Mathematics Stack Exchange is a question and answer site for people studying math at any level and professionals in related fields. Join them; it only takes a minute:

Sign up
Here's how it works:
  1. Anybody can ask a question
  2. Anybody can answer
  3. The best answers are voted up and rise to the top

Any faithful finite group representation can be written as a sum of irreducible representations $\rho = \oplus_{i} a_i \rho_i$ such that $Ker(\rho)=0=\bigcap_i Ker(\rho_i)$ - is this sufficient to give us the smallest (degree) faithful representation? If $\bigcap_i Ker(\rho_i)=0$, I think we can not deduce $\forall i, Ker(\rho_i)=0$: my friend said to look at the kernels of the irreducible characters to find the smallest such $\rho$, but how to we achieve this? I can't see how knowing the kernels of the individual irreducible characters would be sufficient to find the smallest faithful representation, but maybe I'm missing some condition which follows from orthogonality or something similar. Thanks for the help!

share|cite|improve this question
Representation of what as what? Do you mean complex representations of finite groups? Representations of Lie algebras? – Jack Schmidt May 3 '11 at 13:57
Should "smallest irreducible" be "smallest faithful"? – Jack Schmidt May 3 '11 at 13:57
Yes, sorry, corrected now! I wasn't aware you could have representations of Lie algebras, I meant complex representations of finite groups: in particular, groups G $\subset$ GL(n,$\mathbb{F}_p$) is what I'm most interested in. – S. Granther May 3 '11 at 19:22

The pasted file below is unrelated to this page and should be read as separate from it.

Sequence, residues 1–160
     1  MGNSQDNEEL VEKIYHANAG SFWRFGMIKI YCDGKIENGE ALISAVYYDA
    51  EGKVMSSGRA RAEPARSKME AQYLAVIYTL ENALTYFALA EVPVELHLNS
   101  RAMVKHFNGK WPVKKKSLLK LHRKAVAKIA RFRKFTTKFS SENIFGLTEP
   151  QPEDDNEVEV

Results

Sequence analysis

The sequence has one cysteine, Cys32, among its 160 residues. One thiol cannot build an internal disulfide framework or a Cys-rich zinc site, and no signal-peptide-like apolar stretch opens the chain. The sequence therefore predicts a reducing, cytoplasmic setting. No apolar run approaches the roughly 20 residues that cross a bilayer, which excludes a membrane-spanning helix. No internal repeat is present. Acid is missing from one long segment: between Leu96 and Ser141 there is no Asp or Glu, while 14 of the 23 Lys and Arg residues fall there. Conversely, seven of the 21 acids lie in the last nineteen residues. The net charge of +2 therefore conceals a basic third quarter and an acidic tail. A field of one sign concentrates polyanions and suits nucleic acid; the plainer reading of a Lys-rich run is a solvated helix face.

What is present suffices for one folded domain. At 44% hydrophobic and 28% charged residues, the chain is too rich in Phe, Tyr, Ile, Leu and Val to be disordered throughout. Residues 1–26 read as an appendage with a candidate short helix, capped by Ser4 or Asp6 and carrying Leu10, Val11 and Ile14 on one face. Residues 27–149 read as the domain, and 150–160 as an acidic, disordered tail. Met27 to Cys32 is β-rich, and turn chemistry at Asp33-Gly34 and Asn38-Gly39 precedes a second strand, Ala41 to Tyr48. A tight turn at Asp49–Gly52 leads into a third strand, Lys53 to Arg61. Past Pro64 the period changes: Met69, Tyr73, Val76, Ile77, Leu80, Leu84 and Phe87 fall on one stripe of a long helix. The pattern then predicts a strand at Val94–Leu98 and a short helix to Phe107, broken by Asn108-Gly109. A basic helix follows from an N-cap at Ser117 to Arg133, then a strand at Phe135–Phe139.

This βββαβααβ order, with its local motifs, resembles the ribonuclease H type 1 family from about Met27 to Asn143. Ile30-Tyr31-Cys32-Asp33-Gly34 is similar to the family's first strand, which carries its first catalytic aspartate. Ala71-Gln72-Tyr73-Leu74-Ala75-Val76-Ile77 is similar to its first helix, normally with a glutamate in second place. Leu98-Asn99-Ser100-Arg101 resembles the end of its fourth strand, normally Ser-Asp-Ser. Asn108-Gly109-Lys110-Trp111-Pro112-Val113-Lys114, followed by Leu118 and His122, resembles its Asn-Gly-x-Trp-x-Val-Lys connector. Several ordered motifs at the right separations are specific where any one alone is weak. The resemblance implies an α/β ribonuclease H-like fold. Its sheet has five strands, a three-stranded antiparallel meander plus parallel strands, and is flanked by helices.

Complex representations are homomorphisms from $G$ to ${\rm GL}(n,{\bf C})$, not ${\bf F}_p$, right? – Gerry Myerson May 4 '11 at 1:48
@Gerry: Dear Gerry, I think that the homomorphism is to $\mathrm{GL}(n,\mathbb C)$, but the group $G$ starts out life as a subgroup of $\mathrm{GL}(n,\mathbb F_p)$. (So the OP is interested in complex representations of subgroups of general linear groups of finite fields.) Regards, – Matt E May 4 '11 at 2:06

I think that the point of your friends comment is the following: as you wrote, if $\rho = \oplus_i \rho_i,$ then $ker(\rho) = \cap_i ker(\rho_i)$. So you need to choose $\rho_i$ so that $\cap_i \ker(\rho_i)$ is trivial. If you know the kernels of the various irreps. $\rho_i$ in some explicit form, presumably you can choose a minimal collection of them so that $\cap_i \ker(\rho_i)$ is trivial.

(At least if we are talking about representations of a finite group over a field of characteristic zero, this is possible, since general theory assures us that a group has a faithful semi-simple representation, e.g. its regular representation.)

share|cite|improve this answer
And may I ask what happens if we're working over a field with nonzero characteristic? Is the same still true? – S. Granther May 3 '11 at 19:27
In that case there are faithful representations, but they are not necessarily semi-simple. – Plop May 3 '11 at 19:57
Great, thanks a lot! – S. Granther May 4 '11 at 1:35

Your Answer


By posting your answer, you agree to the privacy policy and terms of service.

Not the answer you're looking for? Browse other questions tagged or ask your own question.